Tag Archives: Vault 7

Vault 7: New WikiLeaks dump details Android SMS snooping malware

Source: Naked Security

"Since launching its Vault 7 project in March, WikiLeaks has dumped documents outlining the CIA’s efforts to exploit Microsoft and Apple technology. In this week’s latest release, it focuses on malware called HighRise, which the agency used to target Android devices. WikiLeaks describes HighRise this way on its website: 'HighRise is an Android application designed for mobile devices running Android 4.0 to 4.3. It provides a redirector function for SMS messaging that could be used by a number of IOC tools that use SMS messages for communication between implants and listening posts.'" (07/14/17)


Vault 7: WikiLeaks dump reveals how the CIA can track your exact location

Source: Wired

"How many people specifically know where you are right now? Some friends and family? Your coworkers, maybe? If you're using a Windows laptop or PC you could add another group to the list: the CIA. New documents released on Wednesday as part of WikiLeaks' series of CIA hacking revelations detail a method the agency uses to geolocate computers and the people using them. The agency infects target devices with malware that can then check which public Wi-Fi networks a given computer can connect to at a given moment, as well as the signal strengths of those networks. From there, the malware compares the list of available Wi-Fi options to databases of public Wi-Fi networks to figure out roughly where the device is. The leaked documents detailing the project, which is known as ELSA, date back to 2013, and specifically address laptops and PCs running Windows 7. But experts say that the technique is straightforward enough that the CIA could have a version of it for every Windows release." (06/29/17)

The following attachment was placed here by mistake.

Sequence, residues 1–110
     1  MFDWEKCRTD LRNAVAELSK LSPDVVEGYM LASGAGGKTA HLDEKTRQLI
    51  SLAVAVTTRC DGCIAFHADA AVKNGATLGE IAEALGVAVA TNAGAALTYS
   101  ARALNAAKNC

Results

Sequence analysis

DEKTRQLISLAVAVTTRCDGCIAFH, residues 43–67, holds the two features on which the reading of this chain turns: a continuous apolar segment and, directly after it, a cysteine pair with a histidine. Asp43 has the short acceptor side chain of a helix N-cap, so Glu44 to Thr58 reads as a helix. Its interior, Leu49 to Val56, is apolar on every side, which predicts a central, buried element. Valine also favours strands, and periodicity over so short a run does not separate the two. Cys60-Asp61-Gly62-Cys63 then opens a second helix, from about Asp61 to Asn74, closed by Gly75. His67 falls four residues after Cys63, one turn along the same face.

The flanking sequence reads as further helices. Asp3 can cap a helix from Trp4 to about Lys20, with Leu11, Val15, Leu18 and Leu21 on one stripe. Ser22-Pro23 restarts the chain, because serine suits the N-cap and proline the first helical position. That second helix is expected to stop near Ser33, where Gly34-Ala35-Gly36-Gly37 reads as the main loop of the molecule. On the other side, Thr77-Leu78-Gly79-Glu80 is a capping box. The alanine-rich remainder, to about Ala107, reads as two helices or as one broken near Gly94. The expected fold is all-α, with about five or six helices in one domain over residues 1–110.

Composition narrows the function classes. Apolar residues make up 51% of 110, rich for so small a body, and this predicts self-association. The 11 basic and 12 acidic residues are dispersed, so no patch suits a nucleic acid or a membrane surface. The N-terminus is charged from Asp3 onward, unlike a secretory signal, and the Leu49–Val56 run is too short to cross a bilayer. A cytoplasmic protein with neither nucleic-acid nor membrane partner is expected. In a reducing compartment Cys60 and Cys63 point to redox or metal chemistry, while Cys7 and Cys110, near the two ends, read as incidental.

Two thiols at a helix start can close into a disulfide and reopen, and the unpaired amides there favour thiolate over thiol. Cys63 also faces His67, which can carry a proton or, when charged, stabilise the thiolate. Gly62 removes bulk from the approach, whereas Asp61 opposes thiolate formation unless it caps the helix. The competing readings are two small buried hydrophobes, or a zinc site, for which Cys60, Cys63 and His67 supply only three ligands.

WikiLeaks reveals CIA tool for spreading malware in latest Vault 7 release

Source: Ars Technica

"WikiLeaks just published details of a purported CIA operation that turns Windows file servers into covert attack machines that surreptitiously infect computers of interest inside a targeted network. 'Pandemic,' as the implant is codenamed, turns file servers into a secret carrier of whatever malware CIA operatives want to install, according to documents published Thursday by WikiLeaks. When targeted computers attempt to access a file on the compromised server, Pandemic uses a clever bait-and-switch tactic to surreptitiously deliver malicious version of the requested file. The Trojan is then executed by the targeted computers." (06/01/17)


Fresh WikiLeaks dump shows CIA was hacking iPhones a year after launch

Source: Forbes

"A new Wikileaks release called DarkMatter was released today, affirming that the Central Intelligence Agency has long targeted Apple Macs, creating malware designed to evade the tech giant's security mechanisms. The leak also revealed the CIA had been targeting the iPhone since 2008, a year after the landmark device was released. That slice of info was included in a small dump of information Wednesday, that included manuals for a handful of implants and rootkits — malware that can hide at the lowest level of Apple systems, the kernel and the firmware of the device. … As of this week, after some delay, Wikileaks was in touch with Apple, Google, Microsoft and other tech companies about the leaks, the aim being to help them release patches. But as reported by Vice Motherboard, Wikileaks issued a list of demands before handing over information, such as a promise to fix the bugs within 90 days." (03/23/17)